Common Snapping Turtle
Scientific Name: Chelydra serpentina
Habitat: Snapping turtles are mostly aquatic and can be found in a wide variety of aquatic habitats in to United States to the east of the Rocky Mountains.
Diet: Common snapping turtles are omnivores that feed on plants, insects, spiders, worms, fish, frogs, small turtles, snakes, birds, crayfish, small mammals, and carrion. Plant matter accounts for about a third of the diet.
Size: 0.7 to 2 feet long
Weight: 10 to 75 pounds
Lifespan: 50 to 75 years
I.U.C.N. Conservation Status:
What does this mean?
Least Concern – a species determined by the International Union for Conservation of Nature (I.U.C.N.) to be pervasive, abundant, and thriving.
Our Common Snapping Turtle:
Lucky (Male) – Estimated Date of Birth Between May 2001 & May 2005
About Common Snapping Turtles:
Despite their intimidating disposition, Common Snapping Turtles are usually calm and non-aggressive. This is mostly due to the fact that – in their habitat – they are typically the apex predator and have no threats against them once they are fully grown. If they ever spot something out of the ordinary for them, they usually observe it with curiosity more than anything else. That being said, their sharp beak is very effective at getting their prey. To hunt, they will often sit perfectly still and wait for food to swim by them. In fact, they can wait for so long that moss is known to start growing on their shell. However, once a delicious meal wanders nearby, snapping turtles shoot out their neck and snap down on their victims with a force of approximately 47 pounds.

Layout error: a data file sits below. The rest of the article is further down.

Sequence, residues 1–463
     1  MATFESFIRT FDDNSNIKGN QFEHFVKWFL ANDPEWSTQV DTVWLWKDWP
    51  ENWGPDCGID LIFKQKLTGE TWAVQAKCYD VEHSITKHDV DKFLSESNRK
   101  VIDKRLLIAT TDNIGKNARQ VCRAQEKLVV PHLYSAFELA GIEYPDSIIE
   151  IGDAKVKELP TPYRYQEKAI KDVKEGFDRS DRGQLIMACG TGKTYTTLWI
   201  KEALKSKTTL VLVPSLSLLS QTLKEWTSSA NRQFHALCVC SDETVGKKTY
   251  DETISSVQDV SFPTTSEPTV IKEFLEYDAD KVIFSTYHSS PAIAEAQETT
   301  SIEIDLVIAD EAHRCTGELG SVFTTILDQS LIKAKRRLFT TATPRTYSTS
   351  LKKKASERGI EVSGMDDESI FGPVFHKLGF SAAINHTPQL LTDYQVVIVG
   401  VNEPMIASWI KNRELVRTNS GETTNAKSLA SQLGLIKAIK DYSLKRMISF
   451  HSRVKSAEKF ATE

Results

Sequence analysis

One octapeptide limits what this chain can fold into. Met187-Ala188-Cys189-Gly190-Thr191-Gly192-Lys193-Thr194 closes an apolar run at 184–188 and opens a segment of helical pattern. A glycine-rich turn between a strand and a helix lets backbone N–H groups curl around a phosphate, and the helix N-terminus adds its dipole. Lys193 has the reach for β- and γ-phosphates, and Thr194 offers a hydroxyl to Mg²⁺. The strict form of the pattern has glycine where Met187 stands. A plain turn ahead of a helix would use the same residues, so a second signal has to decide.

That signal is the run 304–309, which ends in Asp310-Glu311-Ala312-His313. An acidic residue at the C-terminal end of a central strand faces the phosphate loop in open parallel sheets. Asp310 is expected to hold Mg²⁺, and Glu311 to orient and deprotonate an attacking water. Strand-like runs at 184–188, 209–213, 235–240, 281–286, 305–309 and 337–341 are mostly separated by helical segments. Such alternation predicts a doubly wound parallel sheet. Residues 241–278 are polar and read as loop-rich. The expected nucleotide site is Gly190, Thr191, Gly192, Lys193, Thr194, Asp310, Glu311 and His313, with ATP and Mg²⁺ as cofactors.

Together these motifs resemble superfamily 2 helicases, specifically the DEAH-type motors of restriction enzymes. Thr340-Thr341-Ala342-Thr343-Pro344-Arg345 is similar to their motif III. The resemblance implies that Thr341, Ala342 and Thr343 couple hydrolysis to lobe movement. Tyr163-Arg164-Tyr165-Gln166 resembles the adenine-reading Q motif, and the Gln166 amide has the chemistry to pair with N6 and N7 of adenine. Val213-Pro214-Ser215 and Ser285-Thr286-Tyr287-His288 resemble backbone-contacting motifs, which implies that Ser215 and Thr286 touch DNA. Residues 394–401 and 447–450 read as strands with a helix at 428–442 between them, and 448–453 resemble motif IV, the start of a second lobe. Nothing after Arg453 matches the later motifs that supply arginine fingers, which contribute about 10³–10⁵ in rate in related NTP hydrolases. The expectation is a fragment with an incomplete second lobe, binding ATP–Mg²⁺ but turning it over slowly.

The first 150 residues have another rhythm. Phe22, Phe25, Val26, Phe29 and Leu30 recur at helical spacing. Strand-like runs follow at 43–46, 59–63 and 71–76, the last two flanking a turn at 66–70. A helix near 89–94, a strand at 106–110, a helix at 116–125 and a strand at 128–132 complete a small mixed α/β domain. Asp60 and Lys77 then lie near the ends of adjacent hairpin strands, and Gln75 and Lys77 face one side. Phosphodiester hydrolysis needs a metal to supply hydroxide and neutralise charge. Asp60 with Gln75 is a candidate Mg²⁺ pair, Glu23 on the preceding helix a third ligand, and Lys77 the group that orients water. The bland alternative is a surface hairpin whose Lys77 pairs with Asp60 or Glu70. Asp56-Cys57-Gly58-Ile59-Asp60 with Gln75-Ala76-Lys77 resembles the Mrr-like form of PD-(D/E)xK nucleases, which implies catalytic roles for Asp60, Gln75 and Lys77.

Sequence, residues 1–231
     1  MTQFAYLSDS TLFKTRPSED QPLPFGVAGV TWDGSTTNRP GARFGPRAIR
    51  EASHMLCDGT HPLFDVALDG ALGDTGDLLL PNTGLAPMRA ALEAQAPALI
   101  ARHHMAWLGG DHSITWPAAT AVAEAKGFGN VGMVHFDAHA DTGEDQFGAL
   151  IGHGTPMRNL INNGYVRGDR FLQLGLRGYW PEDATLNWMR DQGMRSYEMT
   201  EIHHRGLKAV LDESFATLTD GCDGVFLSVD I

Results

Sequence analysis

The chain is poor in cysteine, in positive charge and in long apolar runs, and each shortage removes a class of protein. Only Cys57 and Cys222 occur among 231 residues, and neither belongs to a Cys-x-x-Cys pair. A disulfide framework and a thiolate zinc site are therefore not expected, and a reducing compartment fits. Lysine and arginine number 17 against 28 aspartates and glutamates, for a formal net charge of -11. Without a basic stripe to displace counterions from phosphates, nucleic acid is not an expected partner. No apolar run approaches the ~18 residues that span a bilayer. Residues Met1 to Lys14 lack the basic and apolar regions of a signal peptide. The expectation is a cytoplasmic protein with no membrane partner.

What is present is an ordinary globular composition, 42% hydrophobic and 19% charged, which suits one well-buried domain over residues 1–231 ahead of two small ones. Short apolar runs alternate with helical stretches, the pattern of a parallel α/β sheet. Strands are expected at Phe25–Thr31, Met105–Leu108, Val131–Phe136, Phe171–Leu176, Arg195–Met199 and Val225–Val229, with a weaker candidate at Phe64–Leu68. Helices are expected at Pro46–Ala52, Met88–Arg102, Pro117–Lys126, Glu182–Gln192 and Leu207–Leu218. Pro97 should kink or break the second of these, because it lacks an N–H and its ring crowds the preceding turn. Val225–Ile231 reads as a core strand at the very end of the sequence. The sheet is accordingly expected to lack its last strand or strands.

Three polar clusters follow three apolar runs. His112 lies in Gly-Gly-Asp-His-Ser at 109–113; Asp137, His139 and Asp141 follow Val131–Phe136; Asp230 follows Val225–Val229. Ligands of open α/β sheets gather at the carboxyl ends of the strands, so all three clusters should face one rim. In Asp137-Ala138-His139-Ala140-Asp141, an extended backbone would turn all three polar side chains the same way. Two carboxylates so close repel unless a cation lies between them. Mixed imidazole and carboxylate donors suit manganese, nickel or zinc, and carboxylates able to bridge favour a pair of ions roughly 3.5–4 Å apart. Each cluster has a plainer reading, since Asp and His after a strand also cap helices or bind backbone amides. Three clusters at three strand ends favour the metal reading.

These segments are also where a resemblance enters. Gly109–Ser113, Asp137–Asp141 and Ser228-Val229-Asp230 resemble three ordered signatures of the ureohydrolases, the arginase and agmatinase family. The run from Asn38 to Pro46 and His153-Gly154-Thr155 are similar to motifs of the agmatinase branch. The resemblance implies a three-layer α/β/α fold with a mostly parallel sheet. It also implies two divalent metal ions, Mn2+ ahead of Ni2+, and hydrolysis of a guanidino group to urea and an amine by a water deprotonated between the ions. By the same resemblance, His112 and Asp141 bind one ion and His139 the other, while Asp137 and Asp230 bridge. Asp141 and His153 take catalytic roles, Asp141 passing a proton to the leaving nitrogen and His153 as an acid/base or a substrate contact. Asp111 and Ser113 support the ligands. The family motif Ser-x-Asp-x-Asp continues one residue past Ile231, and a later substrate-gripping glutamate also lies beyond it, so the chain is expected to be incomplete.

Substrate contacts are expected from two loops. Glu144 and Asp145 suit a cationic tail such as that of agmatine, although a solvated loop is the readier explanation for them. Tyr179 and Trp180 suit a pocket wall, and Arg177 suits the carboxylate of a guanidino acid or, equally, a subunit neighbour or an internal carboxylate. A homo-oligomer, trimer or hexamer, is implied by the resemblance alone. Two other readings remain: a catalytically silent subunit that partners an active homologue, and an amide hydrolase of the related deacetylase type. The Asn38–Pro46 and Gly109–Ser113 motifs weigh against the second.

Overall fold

Did You Know?!
- Common snapping turtles like to bury themselves in mud with only their nostrils and eyes exposed. They ambush their prey by lunging forward with the head at high speed and powerful jaws to seize prey.
- Common snapping turtles evolved about 40 million years ago and are the ancestors of about 80% of all the turtles today.
- Because snapping turtles spend so much time motionless in the water, their shell commonly grows algae and moss.